So, use markets only as a rough guide. Because they have to be exceptionally strong or weak to rely on them. But, with that caveat, mortgage rates today look likely to rise. However, be aware that “intraday swings” (when rates change speed or direction during the day) are a common feature right now.
Important notes on today’s mortgage rates
Here are some things you need to know:
- Typically, mortgage rates go up when the economy’s doing well and down when it’s in trouble. But there are exceptions. Read ‘How mortgage rates are determined and why you should care’
- Only “top-tier” borrowers (with stellar credit scores, big down payments and very healthy finances) get the ultralow mortgage rates you’ll see advertised
- Lenders vary. Yours may or may not follow the crowd when it comes to daily rate movements — though they all usually follow the broader trend over time
- When daily rate changes are small, some lenders will adjust closing costs and leave their rate cards the same
- Refinance rates are typically close to those for purchases.
A lot is going on at the moment. And nobody can claim to know with certainty what will happen to mortgage rates in the coming hours, days, weeks or months.
Are mortgage and refinance rates rising or falling?
There were two important economic events last week. The first was the Federal Reserve’s announcement last Wednesday of only a modest interest rate hike. And that sent mortgage rates tumbling.
The second of those events was the publication of last Friday’s jobs report. And that sent mortgage rates soaring.
The two events pretty much canceled each other out. And I’m hoping we’ll see little overall change in mortgage rates this week, too. That’s because there’s nothing on this week’s calendar that would normally move those rates far.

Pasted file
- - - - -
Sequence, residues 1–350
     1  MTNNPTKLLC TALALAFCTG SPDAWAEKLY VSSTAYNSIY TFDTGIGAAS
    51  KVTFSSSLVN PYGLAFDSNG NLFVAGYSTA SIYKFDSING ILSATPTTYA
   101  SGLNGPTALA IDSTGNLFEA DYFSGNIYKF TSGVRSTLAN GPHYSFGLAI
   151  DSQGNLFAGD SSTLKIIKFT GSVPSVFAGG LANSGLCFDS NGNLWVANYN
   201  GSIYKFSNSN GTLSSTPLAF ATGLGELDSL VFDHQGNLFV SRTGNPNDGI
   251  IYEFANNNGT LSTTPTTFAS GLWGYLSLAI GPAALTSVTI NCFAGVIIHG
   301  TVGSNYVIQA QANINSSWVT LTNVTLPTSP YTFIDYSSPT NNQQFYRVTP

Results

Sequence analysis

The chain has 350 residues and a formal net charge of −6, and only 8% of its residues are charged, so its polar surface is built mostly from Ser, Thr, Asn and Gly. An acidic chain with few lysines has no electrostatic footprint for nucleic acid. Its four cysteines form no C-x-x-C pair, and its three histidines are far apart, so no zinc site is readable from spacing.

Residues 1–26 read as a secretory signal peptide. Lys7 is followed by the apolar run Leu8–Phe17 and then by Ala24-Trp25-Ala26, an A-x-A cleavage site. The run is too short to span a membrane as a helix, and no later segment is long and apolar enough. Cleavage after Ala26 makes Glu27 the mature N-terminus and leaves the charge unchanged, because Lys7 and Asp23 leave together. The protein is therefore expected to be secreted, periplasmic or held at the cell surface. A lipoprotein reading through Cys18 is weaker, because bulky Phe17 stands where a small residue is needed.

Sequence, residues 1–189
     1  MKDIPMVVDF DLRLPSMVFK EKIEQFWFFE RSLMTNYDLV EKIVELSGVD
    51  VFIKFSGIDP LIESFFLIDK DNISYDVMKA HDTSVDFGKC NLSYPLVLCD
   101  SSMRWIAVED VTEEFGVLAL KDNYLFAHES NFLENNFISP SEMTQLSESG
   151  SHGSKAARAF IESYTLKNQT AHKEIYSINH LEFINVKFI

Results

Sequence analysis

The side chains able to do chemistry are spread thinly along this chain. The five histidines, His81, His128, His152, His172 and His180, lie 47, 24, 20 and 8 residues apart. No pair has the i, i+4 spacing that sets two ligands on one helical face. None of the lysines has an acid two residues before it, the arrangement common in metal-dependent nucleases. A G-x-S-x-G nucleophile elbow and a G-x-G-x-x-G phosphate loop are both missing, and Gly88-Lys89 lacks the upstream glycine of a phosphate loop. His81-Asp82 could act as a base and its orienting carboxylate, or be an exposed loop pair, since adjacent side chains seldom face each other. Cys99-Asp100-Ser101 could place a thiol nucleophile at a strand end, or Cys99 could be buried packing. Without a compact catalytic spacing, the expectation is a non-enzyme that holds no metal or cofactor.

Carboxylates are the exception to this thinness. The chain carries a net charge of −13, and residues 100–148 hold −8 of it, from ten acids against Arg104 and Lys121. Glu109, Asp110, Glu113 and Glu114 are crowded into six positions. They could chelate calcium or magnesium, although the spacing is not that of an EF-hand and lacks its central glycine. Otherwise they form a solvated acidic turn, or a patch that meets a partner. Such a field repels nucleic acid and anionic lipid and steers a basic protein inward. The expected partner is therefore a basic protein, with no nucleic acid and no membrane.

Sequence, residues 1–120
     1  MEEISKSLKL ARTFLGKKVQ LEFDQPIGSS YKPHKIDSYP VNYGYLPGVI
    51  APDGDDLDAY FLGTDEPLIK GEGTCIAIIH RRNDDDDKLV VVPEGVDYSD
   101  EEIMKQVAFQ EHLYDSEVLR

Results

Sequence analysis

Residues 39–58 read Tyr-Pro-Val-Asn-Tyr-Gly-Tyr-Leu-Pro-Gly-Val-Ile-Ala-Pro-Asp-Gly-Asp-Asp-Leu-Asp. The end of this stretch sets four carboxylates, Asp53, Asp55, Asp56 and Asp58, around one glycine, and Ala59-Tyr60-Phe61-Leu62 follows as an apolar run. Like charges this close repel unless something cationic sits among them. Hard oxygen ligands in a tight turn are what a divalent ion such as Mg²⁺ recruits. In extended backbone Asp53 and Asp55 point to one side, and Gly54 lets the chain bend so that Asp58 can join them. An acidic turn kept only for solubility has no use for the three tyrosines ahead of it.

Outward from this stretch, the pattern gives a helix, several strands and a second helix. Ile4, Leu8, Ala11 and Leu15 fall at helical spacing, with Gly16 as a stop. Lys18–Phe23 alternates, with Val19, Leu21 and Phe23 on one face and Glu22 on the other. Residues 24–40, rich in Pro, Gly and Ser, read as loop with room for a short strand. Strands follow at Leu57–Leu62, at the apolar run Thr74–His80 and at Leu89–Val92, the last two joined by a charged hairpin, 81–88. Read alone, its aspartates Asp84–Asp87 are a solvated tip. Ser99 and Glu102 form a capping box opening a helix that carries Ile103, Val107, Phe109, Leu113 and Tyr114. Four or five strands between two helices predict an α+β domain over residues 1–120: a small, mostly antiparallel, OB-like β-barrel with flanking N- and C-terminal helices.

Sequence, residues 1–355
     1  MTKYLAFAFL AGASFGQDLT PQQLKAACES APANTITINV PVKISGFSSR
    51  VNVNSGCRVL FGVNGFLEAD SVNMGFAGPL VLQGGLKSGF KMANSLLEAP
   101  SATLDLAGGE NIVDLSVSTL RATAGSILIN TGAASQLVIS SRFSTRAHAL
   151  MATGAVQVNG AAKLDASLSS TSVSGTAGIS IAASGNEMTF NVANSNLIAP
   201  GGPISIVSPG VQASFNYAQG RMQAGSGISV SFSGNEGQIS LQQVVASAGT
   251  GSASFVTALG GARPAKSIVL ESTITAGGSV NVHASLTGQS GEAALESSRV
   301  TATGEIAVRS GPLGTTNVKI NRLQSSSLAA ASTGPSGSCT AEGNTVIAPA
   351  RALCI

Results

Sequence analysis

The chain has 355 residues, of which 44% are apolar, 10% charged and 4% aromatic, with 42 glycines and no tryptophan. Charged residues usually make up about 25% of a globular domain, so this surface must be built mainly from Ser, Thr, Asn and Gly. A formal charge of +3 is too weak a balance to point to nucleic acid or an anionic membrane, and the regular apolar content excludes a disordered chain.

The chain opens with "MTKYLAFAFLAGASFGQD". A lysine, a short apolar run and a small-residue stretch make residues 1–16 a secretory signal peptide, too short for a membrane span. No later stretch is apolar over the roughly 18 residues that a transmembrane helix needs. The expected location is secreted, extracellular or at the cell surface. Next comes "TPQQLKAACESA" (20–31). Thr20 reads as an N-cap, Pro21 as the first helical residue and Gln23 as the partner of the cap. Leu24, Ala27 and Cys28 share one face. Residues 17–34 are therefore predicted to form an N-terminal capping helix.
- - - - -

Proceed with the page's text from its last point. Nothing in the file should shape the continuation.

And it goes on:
Of course, there are no guarantees when it comes to future mortgage rates. And there’s a risk that markets aren’t through responding to last Friday’s data.
Indeed, there’s an ever-present danger of something emerging from left field. Just because some event of huge import (a sudden war involving the United States, perhaps, or a flash collapse in stock markets) isn’t on the calendar doesn’t mean it won’t happen.
For more background on mortgage rates, please read the latest weekend edition of this daily rates report.
According to Freddie Mac’s archives, the weekly all-time low for mortgage rates was set on Jan. 7, 2021, when it stood at 2.65% for conventional, 30-year, fixed-rate mortgages.
Freddie’s Feb. 2 report put that same weekly average at 6.09%, down from the previous week’s 6.13%.
In November, Freddie stopped including discount points in its forecasts. It has also delayed until later in the day the time at which it publishes its Thursday reports. And, from now on, we'll be updating this section on Fridays.
Expert mortgage rate forecasts
Looking further ahead, Fannie Mae, Freddie Mac and the Mortgage Bankers Association (MBA) each has a team of economists dedicated to monitoring and forecasting what will happen to the economy, the housing sector and mortgage rates.
And here are their rate forecasts for the current quarter (Q4/22) and the first three quarters of next year (Q1/23, Q2/23 and Q3/24).
The numbers in the table below are for 30-year, fixed-rate mortgages. Fannie’s and the MBA’s forecasts appeared on Jan. 20. Freddie’s was published on Oct. 21. Freddie now publishes its forecasts quarterly and its figures can quickly become stale.
Of course, given so many unknowables, the whole current crop of forecasts might be even more speculative than usual. And their past record for accuracy hasn’t been wildly impressive.
Find your lowest rate today
You should comparison shop widely, no matter what sort of mortgage you want. As federal regulator the Consumer Financial Protection Bureau says:
“Shopping around for your mortgage has the potential to lead to real savings. It may not sound like much, but saving even a quarter of a point in interest on your mortgage saves you thousands of dollars over the life of your loan.”
Mortgage rate methodology
The Mortgage Reports receives rates based on selected criteria from multiple lending partners each day. We arrive at an average rate and APR for each loan type to display in our chart. Because we average an array of rates, it gives you a better idea of what you might find in the marketplace. Furthermore, we average rates for the same loan types. For example, FHA fixed with FHA fixed. The end result is a good snapshot of daily rates and how they change over time.